MY GEN­ER­A­TION

How we talk about weight around chil­dren is an emo­tive is­sue between Bel Mooney and her daugh­ter Kitty Dim­bleby...

Good Housekeeping (UK) - - Editor’s Letter -

Bel Mooney and her daugh­ter Kitty talk about the ‘f’ word

BEL

My hus­band and I had just re­turned from an in­dul­gent week in Malta when (con­scious of my ex­pand­ing tum) I joked to Kitty, ‘Oh, I feel so FAT!’ My daugh­ter put her fin­ger to her lips and nod­ded towards Chloe (then five), play­ing nearby. ‘We don’t use the F-word,’ she said.

Taken aback at the un­ex­pected re­buke, I asked why. Away from the chil­dren she out­lined her many rea­sons. Her ar­gu­ments made com­plete sense, of course – and yet I felt dis­turbed. How have we reached this stage where food has become such a con­tentious is­sue? Our eyes are constantly daz­zled by lus­cious recipes in news­pa­pers and mag­a­zines, and the best­seller lists are full of cook­ery books.

At the same time, count­less lives are ru­ined by se­ri­ous eat­ing dis­or­ders, while obe­sity is a grow­ing so­cial prob­lem. My mother’s gen­er­a­tion and my own en­joyed sim­ple meals of meat and two veg, spuds at every meal, sugar in tea, and were treated to sweets, choco­lates and bis­cuits. I don’t re­mem­ber any­one hav­ing an eat­ing dis­or­der. And I can look back at my school photos from the 1950s and early 1960s and not see a sin­gle chubby child.

Back then, Billy Bunter was a clas­sic char­ac­ter in fic­tion – cre­ated fat and greedy, whereas the other boys (who mocked him) were seen as nor­mal.

These days Billy would be seen as a vic­tim of ‘fat-sham­ing’. If a jour­nal­ist writes an ar­ti­cle sug­gest­ing that peo­ple should eat less, he or she is likely to be howled down on so­cial me­dia for dar­ing to ques­tion the ‘life­style choices’ of peo­ple who protest proudly that it’s right­eous to be roly-poly. Surely we should be al­lowed to say that, yes, some peo­ple are over­weight because of health is­sues, but many more are pil­ing on the pounds because they snack all day? That fat is not so much a ‘fem­i­nist is­sue’ (as the psy­chother­a­pist Susie Or­bach called it in her fa­mous book) as a prob­lem of willpower and com­mon sense.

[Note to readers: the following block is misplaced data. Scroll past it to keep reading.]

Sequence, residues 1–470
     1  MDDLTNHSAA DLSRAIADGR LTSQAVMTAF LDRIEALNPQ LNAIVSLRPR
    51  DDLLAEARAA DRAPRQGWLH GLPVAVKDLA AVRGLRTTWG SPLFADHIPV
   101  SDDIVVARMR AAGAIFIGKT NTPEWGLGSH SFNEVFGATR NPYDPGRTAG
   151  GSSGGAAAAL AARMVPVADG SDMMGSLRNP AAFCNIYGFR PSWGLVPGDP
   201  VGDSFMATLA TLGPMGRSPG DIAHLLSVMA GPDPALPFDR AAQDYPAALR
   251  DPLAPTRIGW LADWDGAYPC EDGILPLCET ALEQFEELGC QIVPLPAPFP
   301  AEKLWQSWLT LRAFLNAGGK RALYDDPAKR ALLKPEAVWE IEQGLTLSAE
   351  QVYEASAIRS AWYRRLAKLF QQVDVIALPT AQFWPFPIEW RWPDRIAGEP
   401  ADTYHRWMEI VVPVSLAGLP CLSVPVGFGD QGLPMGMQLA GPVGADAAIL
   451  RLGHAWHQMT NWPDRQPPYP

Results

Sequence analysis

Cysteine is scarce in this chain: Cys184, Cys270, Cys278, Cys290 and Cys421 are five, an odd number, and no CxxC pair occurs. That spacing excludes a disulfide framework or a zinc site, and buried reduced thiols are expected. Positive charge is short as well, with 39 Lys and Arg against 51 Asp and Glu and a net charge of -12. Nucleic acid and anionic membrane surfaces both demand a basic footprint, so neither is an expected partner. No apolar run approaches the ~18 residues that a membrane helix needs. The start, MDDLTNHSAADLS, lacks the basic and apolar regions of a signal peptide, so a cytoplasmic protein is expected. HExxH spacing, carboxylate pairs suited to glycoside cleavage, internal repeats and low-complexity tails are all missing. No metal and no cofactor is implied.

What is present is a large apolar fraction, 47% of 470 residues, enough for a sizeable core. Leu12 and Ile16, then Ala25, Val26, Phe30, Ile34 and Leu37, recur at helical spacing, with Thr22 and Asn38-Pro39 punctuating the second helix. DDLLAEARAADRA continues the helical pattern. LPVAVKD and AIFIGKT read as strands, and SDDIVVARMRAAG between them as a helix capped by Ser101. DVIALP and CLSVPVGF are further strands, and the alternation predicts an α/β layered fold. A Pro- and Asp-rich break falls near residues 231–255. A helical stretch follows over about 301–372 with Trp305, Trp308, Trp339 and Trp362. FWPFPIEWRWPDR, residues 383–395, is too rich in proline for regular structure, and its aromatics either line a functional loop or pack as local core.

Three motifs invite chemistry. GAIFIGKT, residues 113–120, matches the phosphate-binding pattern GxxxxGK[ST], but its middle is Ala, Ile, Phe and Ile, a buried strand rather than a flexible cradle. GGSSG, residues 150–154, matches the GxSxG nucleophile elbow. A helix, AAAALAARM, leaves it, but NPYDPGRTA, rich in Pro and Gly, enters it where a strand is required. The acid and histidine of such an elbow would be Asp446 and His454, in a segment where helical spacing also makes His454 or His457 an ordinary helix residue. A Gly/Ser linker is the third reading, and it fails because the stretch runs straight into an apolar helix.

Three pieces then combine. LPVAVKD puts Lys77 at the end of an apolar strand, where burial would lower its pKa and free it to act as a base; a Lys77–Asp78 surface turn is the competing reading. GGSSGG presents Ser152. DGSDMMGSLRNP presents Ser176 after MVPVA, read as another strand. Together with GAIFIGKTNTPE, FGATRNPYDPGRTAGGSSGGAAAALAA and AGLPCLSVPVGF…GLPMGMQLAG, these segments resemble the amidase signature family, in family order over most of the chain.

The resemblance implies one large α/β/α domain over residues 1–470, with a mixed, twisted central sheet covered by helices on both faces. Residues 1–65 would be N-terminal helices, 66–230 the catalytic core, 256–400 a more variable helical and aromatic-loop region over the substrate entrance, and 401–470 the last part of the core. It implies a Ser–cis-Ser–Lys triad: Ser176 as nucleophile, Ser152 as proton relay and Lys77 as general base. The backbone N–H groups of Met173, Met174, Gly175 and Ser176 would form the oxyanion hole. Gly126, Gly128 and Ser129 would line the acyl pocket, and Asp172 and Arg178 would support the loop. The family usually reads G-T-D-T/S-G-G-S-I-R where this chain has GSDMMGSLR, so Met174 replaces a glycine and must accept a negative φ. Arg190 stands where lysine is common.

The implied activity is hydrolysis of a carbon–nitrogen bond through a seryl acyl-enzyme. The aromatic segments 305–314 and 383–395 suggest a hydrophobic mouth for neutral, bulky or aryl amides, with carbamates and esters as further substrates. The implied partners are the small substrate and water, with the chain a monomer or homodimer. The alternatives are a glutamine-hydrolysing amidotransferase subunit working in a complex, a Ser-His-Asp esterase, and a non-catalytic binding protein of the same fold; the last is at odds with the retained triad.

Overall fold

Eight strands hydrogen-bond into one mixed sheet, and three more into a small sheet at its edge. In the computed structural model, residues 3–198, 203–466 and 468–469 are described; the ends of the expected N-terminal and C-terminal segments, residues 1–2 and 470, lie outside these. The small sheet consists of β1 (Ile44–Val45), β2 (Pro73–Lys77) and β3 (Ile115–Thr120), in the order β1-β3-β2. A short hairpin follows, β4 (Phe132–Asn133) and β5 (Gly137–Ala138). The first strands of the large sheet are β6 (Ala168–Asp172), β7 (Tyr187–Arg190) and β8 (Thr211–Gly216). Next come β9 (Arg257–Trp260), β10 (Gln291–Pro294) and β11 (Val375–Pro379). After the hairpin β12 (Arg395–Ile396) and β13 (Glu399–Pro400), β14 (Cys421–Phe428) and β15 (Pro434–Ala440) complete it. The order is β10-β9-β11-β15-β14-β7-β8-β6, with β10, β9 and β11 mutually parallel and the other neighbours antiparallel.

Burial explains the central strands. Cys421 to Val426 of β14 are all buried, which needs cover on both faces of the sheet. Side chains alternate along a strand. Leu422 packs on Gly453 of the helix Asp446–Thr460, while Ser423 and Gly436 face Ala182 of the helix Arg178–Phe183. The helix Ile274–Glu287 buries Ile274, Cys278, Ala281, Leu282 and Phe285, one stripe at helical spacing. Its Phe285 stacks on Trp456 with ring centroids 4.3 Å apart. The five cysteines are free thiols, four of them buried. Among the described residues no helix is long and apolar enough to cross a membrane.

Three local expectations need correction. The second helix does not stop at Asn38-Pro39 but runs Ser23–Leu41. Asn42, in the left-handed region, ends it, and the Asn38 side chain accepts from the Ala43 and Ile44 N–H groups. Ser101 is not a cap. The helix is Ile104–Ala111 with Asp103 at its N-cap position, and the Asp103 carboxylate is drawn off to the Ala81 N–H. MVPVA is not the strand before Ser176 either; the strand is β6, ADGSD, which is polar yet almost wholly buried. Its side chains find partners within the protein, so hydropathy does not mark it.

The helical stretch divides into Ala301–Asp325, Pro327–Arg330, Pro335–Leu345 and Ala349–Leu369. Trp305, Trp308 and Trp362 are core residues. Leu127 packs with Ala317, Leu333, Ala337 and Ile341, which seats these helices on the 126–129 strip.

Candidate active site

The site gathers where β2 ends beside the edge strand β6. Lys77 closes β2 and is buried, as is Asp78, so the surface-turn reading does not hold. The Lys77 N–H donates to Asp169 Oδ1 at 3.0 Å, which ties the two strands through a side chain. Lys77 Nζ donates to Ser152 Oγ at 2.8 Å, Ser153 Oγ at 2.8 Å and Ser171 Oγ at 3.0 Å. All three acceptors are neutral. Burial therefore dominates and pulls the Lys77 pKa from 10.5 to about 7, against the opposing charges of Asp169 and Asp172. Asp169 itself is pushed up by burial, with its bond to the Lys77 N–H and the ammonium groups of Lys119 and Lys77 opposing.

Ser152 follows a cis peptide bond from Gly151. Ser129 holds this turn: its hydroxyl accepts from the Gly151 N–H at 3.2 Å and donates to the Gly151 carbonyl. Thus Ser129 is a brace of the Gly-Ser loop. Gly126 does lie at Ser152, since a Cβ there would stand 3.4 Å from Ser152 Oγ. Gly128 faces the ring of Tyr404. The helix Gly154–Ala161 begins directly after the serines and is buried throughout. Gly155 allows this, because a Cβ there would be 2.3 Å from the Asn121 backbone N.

When Jamie Oliver at­tempted (in his wis­dom) to sug­gest the eat­ing habits of the na­tion’s school chil­dren ur­gently needed to be changed, we saw pic­tures of moth­ers push­ing burg­ers and fries through school rail­ings at their kids. It was – quite sim­ply – shock­ing. We live in an up­side-down so­ci­ety where Kitty’s ‘F-word’ is for­bid­den as out­ra­geously rude (and the real f-word used freely!), at the very time when the na­tion needs to tackle obe­sity.

The fig­ures speak for them­selves. The num­ber of over­weight school­child­ren in the UK is al­most 2 mil­lion, of which about 700,000 are obese, ac­cord­ing to a study car­ried out by the In­ter­na­tional Obe­sity Task­force. Over 25% of girls and 20% of boys are over­weight. Re­searchers pre­dict that if this trend towards more obese and

Junk food rules and we are told to avoid ‘fat-sham­ing’

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